Topic Resources

Tools Used
Initiated By
  • Keep America Beautiful (KAB)
  • Schools K-12
  • State and regional recycling organizations
  • Participating schools recycled 10% more than non-participating schools
  • 4.5 million pounds of recyclables were collected in one year’s competition
  • 3% of participating schools used the competition to start a recycling program.
  • 55% said they saw “some” or “significant” recycling increase during the competition The percentage of schools with a self-identified “good” or “robust” program went from 71% before to 83% after

Related Documents

Recycle-Bowl: Competition Fosters School Recycling

Keep America Beautiful created a competition called Recycle-Bowl that uses the Tools of Change to encourage recycling behavior in K-12 schools. The program has been successful at invigorating school development of and participation in recycling programs.


Keep America Beautiful (KAB) is a national non-profit focused on building vibrant communities through recycling, anti-littering, and community beautification campaigns. KAB has an affiliate network of nearly 600 state and local organizations. More recently, KAB has formed relationships with many state and regional recycling organizations. 

These affiliates and partners helped KAB by providing them with local knowledge and recycling expertise. KAB developed Recycle-Bowl so that schools can take the structure and resources of the program, then customize them to their school’s needs and situation. This pairing of expertise in program design and behavior change with the local knowledge of schools and recycling systems was a large part of what made Recycle-Bowl successful.

For KAB, the role of the individual remained at the forefront as the key recycling driver. Therefore, programs such as Recycle-Bowl focused on engaging and motivating recycling behavior on an individual or community level in order to enhance the national recycling rate.

Setting Objectives

The competition sought to establish new recycling programs within schools, increase recycling rates in schools that currently recycle, and provide teacher/student educational opportunities about recycling and waste education.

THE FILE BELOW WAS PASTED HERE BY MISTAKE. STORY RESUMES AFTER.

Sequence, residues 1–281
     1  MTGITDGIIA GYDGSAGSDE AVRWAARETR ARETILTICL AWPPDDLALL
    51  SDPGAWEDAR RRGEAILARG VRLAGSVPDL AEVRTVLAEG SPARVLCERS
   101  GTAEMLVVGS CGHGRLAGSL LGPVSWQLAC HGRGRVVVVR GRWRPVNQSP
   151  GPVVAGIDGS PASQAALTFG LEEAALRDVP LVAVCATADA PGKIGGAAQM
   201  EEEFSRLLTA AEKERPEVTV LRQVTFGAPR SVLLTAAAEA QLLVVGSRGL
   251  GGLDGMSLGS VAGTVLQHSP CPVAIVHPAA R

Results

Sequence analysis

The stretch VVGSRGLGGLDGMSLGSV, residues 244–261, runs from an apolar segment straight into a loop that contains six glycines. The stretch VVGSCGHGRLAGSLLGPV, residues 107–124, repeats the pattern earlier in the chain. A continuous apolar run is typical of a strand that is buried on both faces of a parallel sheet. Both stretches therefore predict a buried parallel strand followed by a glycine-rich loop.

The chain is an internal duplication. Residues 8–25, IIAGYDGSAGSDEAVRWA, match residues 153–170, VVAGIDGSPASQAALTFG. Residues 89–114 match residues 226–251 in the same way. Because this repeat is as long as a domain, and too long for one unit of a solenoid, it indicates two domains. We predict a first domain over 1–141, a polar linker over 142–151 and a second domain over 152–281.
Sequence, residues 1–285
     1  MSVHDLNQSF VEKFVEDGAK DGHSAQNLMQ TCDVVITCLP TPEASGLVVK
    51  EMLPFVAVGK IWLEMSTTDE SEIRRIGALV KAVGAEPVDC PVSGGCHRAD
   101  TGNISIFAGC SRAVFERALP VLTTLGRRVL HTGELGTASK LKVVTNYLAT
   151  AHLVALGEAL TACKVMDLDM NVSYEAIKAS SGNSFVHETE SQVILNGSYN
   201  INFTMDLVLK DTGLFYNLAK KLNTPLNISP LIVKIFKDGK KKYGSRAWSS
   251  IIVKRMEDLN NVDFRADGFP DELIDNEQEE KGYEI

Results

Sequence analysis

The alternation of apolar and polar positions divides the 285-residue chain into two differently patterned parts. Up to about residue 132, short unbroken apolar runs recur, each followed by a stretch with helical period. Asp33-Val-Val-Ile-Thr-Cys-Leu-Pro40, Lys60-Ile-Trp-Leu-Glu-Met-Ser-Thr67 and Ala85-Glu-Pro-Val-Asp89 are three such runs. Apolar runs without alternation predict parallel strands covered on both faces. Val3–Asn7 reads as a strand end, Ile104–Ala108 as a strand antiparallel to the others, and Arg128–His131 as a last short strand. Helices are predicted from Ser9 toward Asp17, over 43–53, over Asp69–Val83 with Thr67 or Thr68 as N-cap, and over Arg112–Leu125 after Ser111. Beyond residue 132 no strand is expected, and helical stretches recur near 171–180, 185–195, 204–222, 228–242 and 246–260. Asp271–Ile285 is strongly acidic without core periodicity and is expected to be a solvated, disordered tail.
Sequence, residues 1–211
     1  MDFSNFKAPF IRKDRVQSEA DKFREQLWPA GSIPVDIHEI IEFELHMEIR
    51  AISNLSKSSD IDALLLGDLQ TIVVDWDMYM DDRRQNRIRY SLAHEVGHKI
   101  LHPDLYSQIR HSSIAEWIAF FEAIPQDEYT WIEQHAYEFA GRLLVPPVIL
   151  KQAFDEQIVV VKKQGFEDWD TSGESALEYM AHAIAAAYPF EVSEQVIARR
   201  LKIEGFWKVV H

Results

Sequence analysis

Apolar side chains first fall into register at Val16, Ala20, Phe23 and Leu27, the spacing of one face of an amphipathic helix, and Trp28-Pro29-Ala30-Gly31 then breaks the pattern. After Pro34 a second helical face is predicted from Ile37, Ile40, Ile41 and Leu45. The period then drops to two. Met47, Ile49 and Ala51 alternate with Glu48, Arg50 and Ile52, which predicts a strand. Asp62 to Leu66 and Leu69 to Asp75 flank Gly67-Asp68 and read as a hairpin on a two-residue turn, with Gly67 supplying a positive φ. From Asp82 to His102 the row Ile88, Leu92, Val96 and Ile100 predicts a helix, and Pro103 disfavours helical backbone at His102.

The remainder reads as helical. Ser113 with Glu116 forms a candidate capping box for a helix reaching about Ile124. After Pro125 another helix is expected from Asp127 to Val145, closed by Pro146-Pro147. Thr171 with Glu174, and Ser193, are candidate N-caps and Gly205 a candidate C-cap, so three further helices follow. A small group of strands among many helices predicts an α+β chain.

Getting Informed

KAB’s Recycle-Bowl was built on a foundation of the best practices in environmental behavior change, environmental education, marketing, and program design research. The overall idea was to take a tested-and-proven formula based on school loyalty and inter-school competition and use it to engage schools in recycling. 

Before its launch, Recycle-Bowl was piloted in California and Ohio in order to learn how to make the program more effective before a full-scale launch. One particularly important lesson was the need to involve the public and private hauling communities to support the schools in their efforts. As a result, KAB worked to engage the hauling community on a national level and advised schools to work closely with their recycling service provider.

Targeting the Audience

In order to learn more about the particular needs of schools, students, teachers and administrators, KAB engaged with multiple education organizations, including the National Wildlife Federation, the North American Association of Environmental Educators, Project Learning Tree, the Green Schools National Network, and the Earth Day Network. Working with these organizations allowed KAB to design resources that would decrease the barriers to and increase the benefits of the program from the perspective of schools.

Delivering the Program

Recycle-Bowl was a 4-week-long competition in which schools collected and tracked cans, bottles and paper. Keep America Beautiful (KAB) provided resources and activities to assist the schools with running the program. Recycle-Bowl has three divisions: school, community, and open. The school division consists of schools that only collect the recyclable materials produced within their school. Prizes were awarded for the school with the highest per capita recycling rate in the country ($2500 of educational and environmental resources), the school with the highest per capita recycling rate in each state ($1000), the “most improved” school ($1000 in recycling bins), and the school which recycled the most milk cartons ($500). About eighty percent of schools in Recycle-Bowl were in the school division. (Financial Incentives)